Tuesday, November 28, 2006

Farmers Lose Heart


I've always felt farmers are the most important people. We would live very well without bureaucrats but not without farmers. They evoke hard work, sometimes back-breaking labour, rising before dawn at an hour when some of us city slickers are going to bed, and total dependency on the weather. There is no more wonderful place than a farmers market.

I don't think of them as being suicidal. This item from Philippe de Villiers' blog entry of November 23 brings bad news:


In a press communiqué dated Wednesday (November 22) Coordination Rurale (an independent agricultural union) expressed concern over a "disturbing wave of suicides among farmers that is currently rampant in the Rhône-Alpes region, bringing to 40 the number of deaths since the beginning of the year." Citing the accountability of the "politicians responsible for the grave errors of the current agricultural policies, that prevents farmers from living with dignity from the fruits of their labour and instead transforms them into welfare recipients."

Philippe de Villiers completely supports the Coordination Rurale in their call for the accountability of public officials. This organization has, for many years, along with its colleagues in the European parliament, denounced the absurdity of PAC (Common Agricultural Policy) that attempts to turn our farmers into minimum-wage-earning functionaries living off of subsidies.

At this point de Villiers lists several measures he favors to help the farmers, including a re-vamped agricultural policy that would allow them to live from their work and reestablish the necessary link between work and income, a new pricing policy that takes into account the restrictions placed on European farmers, an end to unfair competition with countries where wages and production costs are low and a withdrawal of farm products from the OMC (Common Markets Organization).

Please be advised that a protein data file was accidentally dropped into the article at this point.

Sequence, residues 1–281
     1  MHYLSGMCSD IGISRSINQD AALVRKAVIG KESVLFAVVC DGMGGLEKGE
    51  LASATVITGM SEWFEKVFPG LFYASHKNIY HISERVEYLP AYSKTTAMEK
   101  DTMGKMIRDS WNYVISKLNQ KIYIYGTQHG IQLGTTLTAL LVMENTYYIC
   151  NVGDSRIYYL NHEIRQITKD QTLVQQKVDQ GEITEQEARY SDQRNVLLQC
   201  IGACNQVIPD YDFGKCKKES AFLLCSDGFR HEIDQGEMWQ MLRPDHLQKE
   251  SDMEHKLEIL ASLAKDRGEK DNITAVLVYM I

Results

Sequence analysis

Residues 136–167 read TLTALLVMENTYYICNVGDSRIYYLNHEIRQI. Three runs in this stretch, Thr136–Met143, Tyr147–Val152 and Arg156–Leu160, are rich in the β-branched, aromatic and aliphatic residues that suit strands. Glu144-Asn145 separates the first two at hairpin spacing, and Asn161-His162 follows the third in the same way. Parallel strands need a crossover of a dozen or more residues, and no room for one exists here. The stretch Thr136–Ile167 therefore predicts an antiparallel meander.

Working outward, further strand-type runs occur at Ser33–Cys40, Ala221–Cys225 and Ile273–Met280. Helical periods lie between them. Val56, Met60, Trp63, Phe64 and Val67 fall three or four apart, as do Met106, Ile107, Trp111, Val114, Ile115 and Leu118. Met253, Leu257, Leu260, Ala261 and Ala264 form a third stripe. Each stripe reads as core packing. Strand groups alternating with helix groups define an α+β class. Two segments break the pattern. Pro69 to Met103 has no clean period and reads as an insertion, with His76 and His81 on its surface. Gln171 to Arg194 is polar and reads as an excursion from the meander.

He ends with a wish to make prevalent the notion of the "agricultural exception":

...that is, the right of any country to preserve its independence in the production of food, its own agricultural model and the respect for democratically decided norms of health, security and quality.

I know little about suicide statistics, but 40 suicides in 11 months within one group of people is alarming.

Both PAC and OMC seem to be collectives, that cross national boundaries, and that impose on the farmers standards and strictures that normally would be established on a much more local scale. There is information on both organizations (in French) at this government website.

The miniature plate with a farm scene from Limoges was just sold on e-bay.

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5 Comments:

At November 28, 2006 9:22 PM, Anonymous W.LindsayWheeler said...

In Australia, another 40 farmers or ranchers have committed suicide. But it is due to the drought there.

It is very sad.

 
At November 28, 2006 11:17 PM, Blogger tiberge said...

@ Lindsay

An eerie coincidence. I feel they need some assistance when the weather fails them, but it should be temporary of course. Does Australia have any type of aid for farmers in disaster areas?

This is terrible, I agree.

 
At November 29, 2006 7:35 PM, Anonymous W.LindsayWheeler said...

I suppose they do have aid there but you know farmers, a rugged lot with a lot of individualism. They are the last to ask for help.

 
At November 29, 2006 9:01 PM, Blogger tiberge said...

Yes. The farmer is, perhaps by his very nature, the quintessential anti-socialist.

Another thought: the people who were thrown out of work during the depression were grateful for government assistance, and wanted to get off of it asap. Contrast them with today's welfare recipients who are never grateful and never satisfied.

 
At November 29, 2006 9:02 PM, Blogger tiberge said...

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